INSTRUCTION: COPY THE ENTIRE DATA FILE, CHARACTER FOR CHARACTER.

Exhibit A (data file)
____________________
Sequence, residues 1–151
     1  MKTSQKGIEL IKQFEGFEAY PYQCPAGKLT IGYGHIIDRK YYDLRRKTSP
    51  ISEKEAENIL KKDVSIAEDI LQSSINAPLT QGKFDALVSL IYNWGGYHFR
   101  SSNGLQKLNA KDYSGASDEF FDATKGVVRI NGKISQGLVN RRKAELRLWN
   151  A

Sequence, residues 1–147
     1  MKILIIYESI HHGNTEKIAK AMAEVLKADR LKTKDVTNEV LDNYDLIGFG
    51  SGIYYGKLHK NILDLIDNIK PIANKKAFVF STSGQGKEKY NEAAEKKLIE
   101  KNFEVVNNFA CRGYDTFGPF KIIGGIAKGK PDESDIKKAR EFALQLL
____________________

Sequence, residues 1–151
     1  MKTSQKGIEL IKQFEGFEAY PYQCPAGKLT IGYGHIIDRK YYDLRRKTSP
    51  ISEKEAENIL KKDVSIAEDI LQSSINAPLT QGKFDALVSL IYNWGGYHFR
   101  SSNGLQKLNA KDYSGASDEF FDATKGVVRI NGKISQGLVN RRKAELRLWN
   151  A

Sequence, residues 1–147
     1  MKILIIYESI HHGNTEKIAK AMAEVLKADR LKTKDVTNEV LDNYDLIGFG
    51  SGIYYGKLHK NILDLIDNIK PIANKKAFVF STSGQGKEKY NEAAEKKLIE
   101  KNFEVVNNFA CRGYDTFGPF KIIGGIAKGK PDESDIKKAR EFALQLL